<link rel="shortcut icon" href="/favicon.ico" type="image/x-icon"> <link rel="icon" href="/favicon.ico" type="image/x-icon">

Mt. Esja

The mountain Esja (914 m (2,999 ft)) often called Esjan (“the Esja”) is situated in the south-west of Iceland, about 20 km to the north of Iceland’s capital city Reykjavík. Esja is not a single mountain, but a volcanic mountain range, made from basalt and tuff-stone.

Check out the Mt. Esja Webcam to see the current weather

mtesjaultra esjan

Formation

Esja was built up at the end of the Pleistocene with the beginning of the Ice Age. During the warm periods, lava flowed and in the cold periods tuff-stone ridges were built under the glacier. The western part of the mountain range is the oldest (about 3.2 million years) and the eastern part is the youngest (about 1.8 million years). The movements of the plate boundaries cutting diagonally through Iceland are pushing the stratums to the west and away from the active volcanic zone. Intrusions, i.e. big magma channels coming from the old central volcanoes at Kjalarnes and Stardal, introduced themselves into the stratums. Big lava fields were the result, one above the other, which the Ice Age glacier ground down. It left only the highest summits like the mountain range of Esja or Akrafjall.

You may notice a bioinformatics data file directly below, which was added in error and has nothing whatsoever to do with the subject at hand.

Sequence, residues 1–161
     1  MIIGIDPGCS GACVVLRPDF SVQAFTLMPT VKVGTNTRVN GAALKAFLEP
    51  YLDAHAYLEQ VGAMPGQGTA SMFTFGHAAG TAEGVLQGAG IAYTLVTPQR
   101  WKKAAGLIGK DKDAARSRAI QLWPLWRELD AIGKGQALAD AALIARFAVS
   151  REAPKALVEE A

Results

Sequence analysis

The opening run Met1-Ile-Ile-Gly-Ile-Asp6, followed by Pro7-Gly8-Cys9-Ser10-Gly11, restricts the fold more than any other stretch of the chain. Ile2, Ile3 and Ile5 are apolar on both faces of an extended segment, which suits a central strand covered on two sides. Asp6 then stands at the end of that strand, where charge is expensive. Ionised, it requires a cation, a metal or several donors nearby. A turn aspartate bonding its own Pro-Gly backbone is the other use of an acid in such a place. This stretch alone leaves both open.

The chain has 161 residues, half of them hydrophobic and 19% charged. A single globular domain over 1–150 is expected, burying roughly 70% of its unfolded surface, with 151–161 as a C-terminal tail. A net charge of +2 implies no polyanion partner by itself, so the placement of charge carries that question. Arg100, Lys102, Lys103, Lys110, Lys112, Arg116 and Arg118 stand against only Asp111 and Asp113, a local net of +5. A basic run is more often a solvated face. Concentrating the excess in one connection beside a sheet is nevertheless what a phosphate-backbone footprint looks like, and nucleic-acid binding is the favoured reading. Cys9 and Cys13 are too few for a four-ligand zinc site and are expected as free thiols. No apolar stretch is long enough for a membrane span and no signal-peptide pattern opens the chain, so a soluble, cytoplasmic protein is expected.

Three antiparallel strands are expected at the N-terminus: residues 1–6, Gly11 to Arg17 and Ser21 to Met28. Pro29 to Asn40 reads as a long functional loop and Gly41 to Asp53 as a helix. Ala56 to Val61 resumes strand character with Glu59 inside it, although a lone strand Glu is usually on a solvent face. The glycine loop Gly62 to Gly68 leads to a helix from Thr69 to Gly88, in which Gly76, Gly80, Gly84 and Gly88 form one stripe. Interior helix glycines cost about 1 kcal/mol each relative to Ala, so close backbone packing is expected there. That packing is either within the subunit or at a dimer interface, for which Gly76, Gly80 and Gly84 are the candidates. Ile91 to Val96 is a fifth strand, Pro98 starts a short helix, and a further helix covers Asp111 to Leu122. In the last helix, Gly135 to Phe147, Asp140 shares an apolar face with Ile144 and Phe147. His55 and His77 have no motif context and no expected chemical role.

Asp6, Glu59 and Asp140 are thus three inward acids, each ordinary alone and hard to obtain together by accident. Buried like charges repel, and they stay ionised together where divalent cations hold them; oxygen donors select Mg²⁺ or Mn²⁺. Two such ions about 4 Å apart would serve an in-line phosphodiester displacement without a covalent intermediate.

Hiking and climbing

Within easy reach of the capital, Esja is a very popular recreation area for hikers and climbers. The best known hiking paths lead to the summits Þverfellshorn (780 m) and Kerhólakambur (851 m). Þverfellshorn is also easily accessible by public transport.

The path is divided into sections, marked with signs along the way. Each sign gives an indication of the difficulty of the path ahead with a grade system ranging from 1 boot (easy) to 3 boots (challenging). At sign 3 experienced climbers can choose to climb directly to the top, instead of following the path which goes off to the right. Approximately 200 meters below the top, there is a point marked with a big rock called Steinn. It is here that most inexperienced climbers choose to go down again, as the path becomes increasingly difficult from there.

The highest point is called, “Habunga” (914 m.). From Þverfellshorn, it is another three kilometer trek north-east, across a rocky plateau with no directional signs or clear path. As of August 2011, Habunga was marked only by a large rock mound with a wooden stick at the top.

Source: Wikipedia